Skip to main content

Choose Your Own Adventure (Or, Yetis, Cameras and Bloghops Brought to You By 13 Crusaders)

Go, click on the banner to the left! The members of Group 9 of Rachael Harrie's Second Platform-Building Crusade all banded together, just like the Justice League or the Avengers, and came up with a little adventure for you.

You remember those books. Second-person, frustrating, the type where you ended up getting vaporised by a googly-eyed alien in the backseat of a movie theatre.

But alas, your adventure does not start here. Go on back to Kerri Cuevas' blog to start your voyage into the unknown. Don't worry, you'll work your way up to me if you choose wisely. But if you've already done that, look below.

Mothers lift cars off of their pinned-down children, minute schoolgirls beat the stuffing out of their assailants, and you? You leg it.

The furry faces blur into their frosty surrounds as you swivel. The camera lands on your toe and rockets forward, skidding across the ice faster than your feet can carry you off the mark. Your life’s work? Ha. You can forget it.

Roars and wails bristle your hairs, your shoe soles skidding and slipping. You feel the skin scrape from your fingertips, from your palms, as you catapult yourself onto your feet, forward into the passages.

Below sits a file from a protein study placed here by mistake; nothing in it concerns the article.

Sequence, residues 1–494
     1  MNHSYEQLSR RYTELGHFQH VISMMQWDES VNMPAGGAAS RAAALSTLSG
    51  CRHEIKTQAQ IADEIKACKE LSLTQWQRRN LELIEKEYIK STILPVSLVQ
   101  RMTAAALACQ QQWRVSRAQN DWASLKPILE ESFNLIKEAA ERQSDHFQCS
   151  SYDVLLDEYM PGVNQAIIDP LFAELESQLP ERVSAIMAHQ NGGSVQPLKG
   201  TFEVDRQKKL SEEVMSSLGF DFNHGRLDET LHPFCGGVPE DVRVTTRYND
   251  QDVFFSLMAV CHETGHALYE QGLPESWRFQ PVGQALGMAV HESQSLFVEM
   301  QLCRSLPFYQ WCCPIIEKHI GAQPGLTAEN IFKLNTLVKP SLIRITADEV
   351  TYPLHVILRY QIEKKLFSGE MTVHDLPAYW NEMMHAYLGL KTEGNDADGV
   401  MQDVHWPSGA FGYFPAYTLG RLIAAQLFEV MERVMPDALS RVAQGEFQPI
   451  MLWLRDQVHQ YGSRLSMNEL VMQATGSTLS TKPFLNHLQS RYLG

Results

You hear padding, thumping, breathing. You don’t dare look over your shoulder. You don’t dare face that dazzling light. Or the creature on your heels. You push your legs to move faster, better. Dad said to pump your arms, to lift your knees for those track meets. You pump, you lift, you feel like you’re flying to that entrance.

But Jesus Christ, that thing’s breath is like acid on your neck.

You stumble on a dislodged piece of stone, arms flailing, as you pass through the entrance to the cave. A grunt behind you. You squeeze your eyes shut. Imagine its claws, its jaws of razor-teeth. Your ankles hurt. You’re going to throw up.

Something nicks you on the neck.

You trip. And then you’re rolling.


You pry open your eyelids, blink groggily. You see a tattered canvas of black. Tilting your head, you note it’s the roof of the back of a truck. A pick-up? You cough, your body aches, it’s numb and you’re wrapped up in itchy blankets.

You roll onto your side. Outside, snow descends in a heavy sleet. A young woman is asleep beside you, upright, leaning on a telescope. She snores a little, boot-clad feet scrunching the pages of some sort of textbook. Shivering, your teeth clacking together, you drag yourself upright.

In the cab of the truck, a man and woman converse in Russian. They haven’t noticed you’re awake yet. You swallow, your throat dry and stinging. Your head is bleary, your mind wanting sleep. You ache everywhere. Your face is flaking, you might have frostbite. You remind yourself not to touch it.

A feeling of safety overcomes you, and yet, you feel panicked. You look over your shoulder, out the back of the truck. You should be running. Why should you be running?

And then you remember.

Could it really have happened? Maybe you fell, maybe you hit your head? It’s not possible. You couldn’t have seen…No. You try to stand. Freeze. Christ, ouch. Your neck. God, your neck. You raise a hand. It’s bandaged, the tape pulled taut. Your fingers fumble. It hurts. Something cut you, scratched you.

It happened.

It happened and all you can think is: why didn’t you take the damned photo?